Report

Just Beginning: Methodology

Below we outline the methodology used in our Donor Scorecard Just Beginning: Addressing inequality in donor funding for Early Childhood Development. The methodology draws on the Muskoka Methodology –  devised by the G8 Health Working Group, and using the London School of Hygiene and Tropical Medicine (LSHTM) Countdown ODA and dataset.

Muskoka Methodology

The OECD Development Assistance Committee (DAC) Creditor Reporting System (CRS), through which global trends on aid disbursements are measured, does not currently monitor aid disbursements intended for a  particular population. While “rio-markers” have been put in place to advance this objective donor reporting to these are voluntary and many projects remain uncoded according to these rio-markers.

For the purposes of this report, the authors have tried to devise a methodology to track donor support for children aged 0-5 years of age across the health, nutrition, sanitation and education sector. It is important to note that the OECD DAC-CRS database currently does not track aid for “play” and “protection” which are likely to be very relevant for the 0-5 years age-group.

For the analysis in the report, the report built on selecting from a number of current methods that have been in existence to track donor support to Maternal, Newborn and Child Health (MNCH) since the 2010 Muskoka Commitment which was intended to increase donor support to MNCH (G8, 2010).

This report builds upon the Muskoka Methodology – devised by the G8 Health Working Group – which is used to capture donor aid disbursements to MNCH related activities. This Muskoka Methodology is used to capture aid to two groups: (a) women of reproductive age (including those who are pregnant and (b) children under the age of five. For the purposes of this report, we are interested in capturing the aid that goes to (b). This paper has utilised these assumptions and built upon them to try and arrive at a global estimate as to what donors are disbursing to children under the age of five years old i.e. part (b) of the group.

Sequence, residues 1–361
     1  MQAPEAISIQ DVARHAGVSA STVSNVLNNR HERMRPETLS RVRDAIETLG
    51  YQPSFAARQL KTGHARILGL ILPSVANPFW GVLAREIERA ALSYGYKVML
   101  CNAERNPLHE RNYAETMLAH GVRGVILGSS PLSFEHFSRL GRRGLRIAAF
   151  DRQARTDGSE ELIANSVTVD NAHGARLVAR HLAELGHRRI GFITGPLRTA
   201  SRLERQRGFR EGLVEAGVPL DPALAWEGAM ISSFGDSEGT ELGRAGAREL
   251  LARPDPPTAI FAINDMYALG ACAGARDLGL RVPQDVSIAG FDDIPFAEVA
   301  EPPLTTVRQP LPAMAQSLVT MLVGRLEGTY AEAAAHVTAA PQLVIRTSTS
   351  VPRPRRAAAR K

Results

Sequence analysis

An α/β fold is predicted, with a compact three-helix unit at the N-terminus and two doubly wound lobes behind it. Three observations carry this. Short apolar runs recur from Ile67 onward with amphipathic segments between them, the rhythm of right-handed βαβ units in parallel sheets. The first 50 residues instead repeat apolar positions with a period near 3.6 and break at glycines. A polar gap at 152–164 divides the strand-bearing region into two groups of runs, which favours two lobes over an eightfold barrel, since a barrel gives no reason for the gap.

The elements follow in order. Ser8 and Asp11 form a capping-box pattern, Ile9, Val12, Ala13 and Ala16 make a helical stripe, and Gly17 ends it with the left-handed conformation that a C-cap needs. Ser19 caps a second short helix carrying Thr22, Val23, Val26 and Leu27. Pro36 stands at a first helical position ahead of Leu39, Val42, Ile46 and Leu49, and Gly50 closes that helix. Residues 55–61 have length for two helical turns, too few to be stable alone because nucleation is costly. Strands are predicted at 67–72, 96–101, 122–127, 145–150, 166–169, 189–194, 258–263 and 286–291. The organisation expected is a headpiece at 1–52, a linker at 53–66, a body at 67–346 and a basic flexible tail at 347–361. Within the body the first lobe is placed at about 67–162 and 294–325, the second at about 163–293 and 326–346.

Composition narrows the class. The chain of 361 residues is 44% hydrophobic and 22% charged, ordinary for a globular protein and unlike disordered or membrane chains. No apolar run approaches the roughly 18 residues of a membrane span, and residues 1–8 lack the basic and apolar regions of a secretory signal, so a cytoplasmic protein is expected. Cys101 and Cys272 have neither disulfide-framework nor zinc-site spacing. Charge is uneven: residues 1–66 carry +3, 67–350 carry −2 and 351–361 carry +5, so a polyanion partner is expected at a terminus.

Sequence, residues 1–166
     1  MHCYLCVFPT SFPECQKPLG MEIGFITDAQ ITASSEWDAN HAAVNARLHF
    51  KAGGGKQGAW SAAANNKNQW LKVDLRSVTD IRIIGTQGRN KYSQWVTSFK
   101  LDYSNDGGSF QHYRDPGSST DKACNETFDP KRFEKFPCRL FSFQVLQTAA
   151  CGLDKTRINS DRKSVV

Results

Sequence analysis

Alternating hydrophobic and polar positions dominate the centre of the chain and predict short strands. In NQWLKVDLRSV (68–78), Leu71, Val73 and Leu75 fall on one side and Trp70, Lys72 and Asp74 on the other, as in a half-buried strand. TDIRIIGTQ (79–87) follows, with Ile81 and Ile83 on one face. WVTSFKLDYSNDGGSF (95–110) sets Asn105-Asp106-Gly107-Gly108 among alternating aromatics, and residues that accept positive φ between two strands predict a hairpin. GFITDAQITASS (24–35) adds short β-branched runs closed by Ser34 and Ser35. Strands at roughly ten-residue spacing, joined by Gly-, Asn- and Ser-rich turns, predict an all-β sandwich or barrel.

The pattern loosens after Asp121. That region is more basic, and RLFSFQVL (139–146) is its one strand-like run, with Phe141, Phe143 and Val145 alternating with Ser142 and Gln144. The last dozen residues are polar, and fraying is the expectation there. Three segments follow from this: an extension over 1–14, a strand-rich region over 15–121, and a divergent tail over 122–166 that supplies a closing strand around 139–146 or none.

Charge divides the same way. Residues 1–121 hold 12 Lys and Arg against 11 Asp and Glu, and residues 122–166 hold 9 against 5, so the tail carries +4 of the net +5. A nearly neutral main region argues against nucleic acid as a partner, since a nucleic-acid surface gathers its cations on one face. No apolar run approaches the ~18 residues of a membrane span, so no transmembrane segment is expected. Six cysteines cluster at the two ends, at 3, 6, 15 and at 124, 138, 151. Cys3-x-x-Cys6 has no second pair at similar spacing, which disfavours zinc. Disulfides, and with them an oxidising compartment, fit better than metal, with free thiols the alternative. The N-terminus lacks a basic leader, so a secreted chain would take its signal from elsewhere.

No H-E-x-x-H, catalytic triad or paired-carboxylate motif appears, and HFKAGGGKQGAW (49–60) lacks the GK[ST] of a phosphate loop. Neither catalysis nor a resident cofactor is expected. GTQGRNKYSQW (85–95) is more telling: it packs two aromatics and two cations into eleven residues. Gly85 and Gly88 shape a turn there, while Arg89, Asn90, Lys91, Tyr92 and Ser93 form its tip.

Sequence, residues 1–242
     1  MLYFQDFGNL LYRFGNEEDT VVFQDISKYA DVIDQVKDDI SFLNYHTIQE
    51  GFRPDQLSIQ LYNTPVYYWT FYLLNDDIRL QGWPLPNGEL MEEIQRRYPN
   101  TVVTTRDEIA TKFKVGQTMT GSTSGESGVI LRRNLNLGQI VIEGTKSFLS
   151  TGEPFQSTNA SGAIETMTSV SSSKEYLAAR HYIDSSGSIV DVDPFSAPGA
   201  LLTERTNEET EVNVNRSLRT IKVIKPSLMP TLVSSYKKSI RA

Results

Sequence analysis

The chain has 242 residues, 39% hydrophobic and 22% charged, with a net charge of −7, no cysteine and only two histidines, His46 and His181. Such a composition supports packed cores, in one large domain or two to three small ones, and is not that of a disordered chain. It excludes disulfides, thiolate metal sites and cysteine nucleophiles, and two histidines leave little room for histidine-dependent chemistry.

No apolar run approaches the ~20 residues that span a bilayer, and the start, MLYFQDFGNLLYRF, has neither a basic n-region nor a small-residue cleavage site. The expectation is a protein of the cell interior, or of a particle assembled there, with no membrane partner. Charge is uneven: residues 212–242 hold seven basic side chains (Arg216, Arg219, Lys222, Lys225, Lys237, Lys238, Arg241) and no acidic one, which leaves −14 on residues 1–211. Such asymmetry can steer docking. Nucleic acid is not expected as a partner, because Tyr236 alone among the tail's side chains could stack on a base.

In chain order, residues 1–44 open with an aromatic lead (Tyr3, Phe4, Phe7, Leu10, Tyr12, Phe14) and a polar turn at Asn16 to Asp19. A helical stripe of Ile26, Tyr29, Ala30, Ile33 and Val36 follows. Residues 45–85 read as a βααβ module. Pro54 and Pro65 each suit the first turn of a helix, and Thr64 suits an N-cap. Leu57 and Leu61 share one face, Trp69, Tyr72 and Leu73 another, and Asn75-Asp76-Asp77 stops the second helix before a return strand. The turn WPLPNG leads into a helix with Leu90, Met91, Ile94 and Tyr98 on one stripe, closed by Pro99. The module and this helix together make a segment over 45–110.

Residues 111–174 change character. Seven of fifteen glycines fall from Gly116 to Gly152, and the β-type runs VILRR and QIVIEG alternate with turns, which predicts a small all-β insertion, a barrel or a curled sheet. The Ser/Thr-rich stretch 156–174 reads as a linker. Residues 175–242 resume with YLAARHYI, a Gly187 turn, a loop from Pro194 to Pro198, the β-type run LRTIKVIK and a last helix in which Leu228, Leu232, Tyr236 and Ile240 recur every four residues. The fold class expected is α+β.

Table 1 takes the sector purpose codes which are likely to target MNCH and, within that, disburse aid to children under the age of five years old. These purpose codes were agreed upon by the G8 Health Working Group at the Muskoka Summit. Using updated information, this Report considers what share of these purpose codes are likely to be specific for MNCH and for children under the age of five years old, together with the a more detailed understanding of how these figures were arrived at.

There were four categories that the Muskoka Methodology used to come up with imputed percentages of what portion of aid was disbursed to RMNCH (G8, 2010). We use these assumptions for this paper, but update the figures which these assumptions were based on – namely the most up-to-date data on population and global burden of disease:

  1. Activities that entirely or mostly targeted women of reproductive age and/ or children under the age of 5 (imputed percentage = 100%): When activities are almost exclusively for women of reproductive age and/ or children under the age of five an imputed percentage of 100% has been applied. When considering just children under the age of five, the methodology has assumed an imputed percentage of 30% which is what the 0-5 age group is as a share of the women of reproductive age and children under the age of 5. (Purpose codes: 12240 Basic Nutrition, 13020 Reproductive Health Care, 13030 Family Planning, 13081 Personnel Development for Population and Reproductive Health)